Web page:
Most of us associate wearing a pair of athletic shoes with comfort or leisure. For Adidas CEO, Herbert Hainer, shoes mean serious business. Hainer has managed metrics for the world’s second largest sporting goods company for 15 years. Last month, he retired and reflected on a pivotal year when metrics took a turn for the worse.
In 2014, economies where Adidas normally flourished began to lag. Product lines underperformed and expensive sponsorships put a strain on the bottom line. Hainer chose to reveal internal challenges and alert shareholders to a series of profit warnings.
I had to present profit warnings at ProLogis when I was CEO and they were never easy. When I first took over leadership of the company, our stock had fallen over 96 percent in 10 months! But I found that if I kept my focus on the goal of building trust, investors were much more receptive—even supportive.
What does building trust look like in profit warnings?
You must be open with everything
No one, of course, has all of the right answers in these situations. I recall an investor asking us when we thought the situation would turn around. The temptation to act like we had everything under control was immense. But we couldn’t. Too many things were going wrong. Investors knew it and so did we. So we told them we didn’t know when things would improve. Can you imagine the resulting effect on our stock performance? It plummeted even more. But it was the honest truth and we established trust long term as a result of our openness.
When investors are upset they fire a lot of arrows at you. The best way to deflect those arrows is to ask questions. A lot of them. Questions help clarify what the real concerns are and open the lines of communication. That’s critically important. They also buy you time to think. Heaven knows you need time to think when you are under siege. Nothing will make investors happy in the short run, but showing them you care through questions will restore their trust in the long run.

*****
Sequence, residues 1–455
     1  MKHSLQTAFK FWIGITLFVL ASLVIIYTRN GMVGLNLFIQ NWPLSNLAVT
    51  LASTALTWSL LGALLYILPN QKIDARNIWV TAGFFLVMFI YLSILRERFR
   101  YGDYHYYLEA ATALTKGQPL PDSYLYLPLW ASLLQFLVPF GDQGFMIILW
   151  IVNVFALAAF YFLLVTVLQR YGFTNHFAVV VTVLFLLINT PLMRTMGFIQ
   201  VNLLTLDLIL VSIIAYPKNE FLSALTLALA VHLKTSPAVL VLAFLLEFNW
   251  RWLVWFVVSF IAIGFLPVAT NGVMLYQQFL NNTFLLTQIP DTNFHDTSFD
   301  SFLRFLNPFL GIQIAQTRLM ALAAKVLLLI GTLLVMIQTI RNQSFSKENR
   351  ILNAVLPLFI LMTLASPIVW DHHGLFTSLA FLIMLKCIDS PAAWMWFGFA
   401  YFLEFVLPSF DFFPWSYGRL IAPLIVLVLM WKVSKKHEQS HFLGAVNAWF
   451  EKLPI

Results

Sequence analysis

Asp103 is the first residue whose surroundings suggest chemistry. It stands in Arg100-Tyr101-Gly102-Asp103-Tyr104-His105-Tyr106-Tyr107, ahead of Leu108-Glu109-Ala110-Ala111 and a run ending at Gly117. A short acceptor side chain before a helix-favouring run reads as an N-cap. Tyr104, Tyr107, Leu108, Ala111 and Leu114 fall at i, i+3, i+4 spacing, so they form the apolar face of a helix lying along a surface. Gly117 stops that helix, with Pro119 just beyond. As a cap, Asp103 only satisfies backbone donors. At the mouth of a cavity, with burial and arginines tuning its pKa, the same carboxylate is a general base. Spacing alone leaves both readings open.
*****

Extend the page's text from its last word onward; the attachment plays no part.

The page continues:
Some of the best ideas came from our investors. You must actively listen to them. Be open to their views and process what they say. Listen not to flatter but to learn and affirm. And never think you are always right. Guess what? You’re not. In Stephen Covey’s Seven Habits of Highly Effective People, he talks about the importance of “seeking first to understand.” If you think of that approach, then you can genuinely respond to concerns and build trust in the process.
Hainer’s disclosures in 2014 opened the doors for his leadership team to make critical changes to regain investors’ support. The company successfully rekindled sales by pivoting more responsibility to brand managers and working more closely with retailers. Today, Adidas reports that sales are growing in all key markets, and the share price has more than doubled since last summer.
Adidas’ recovery is a good reminder of how much transparent leadership not only carried me through challenging financial times but also re-established trust with stakeholders. But you don’t have to lead an investors meeting to apply these observations. Think about board meetings, working partnerships or team projects where you can put these behaviors to the test.
You’ll find the trust you’ve built creates a culture you can count on
when you need it the most. tweet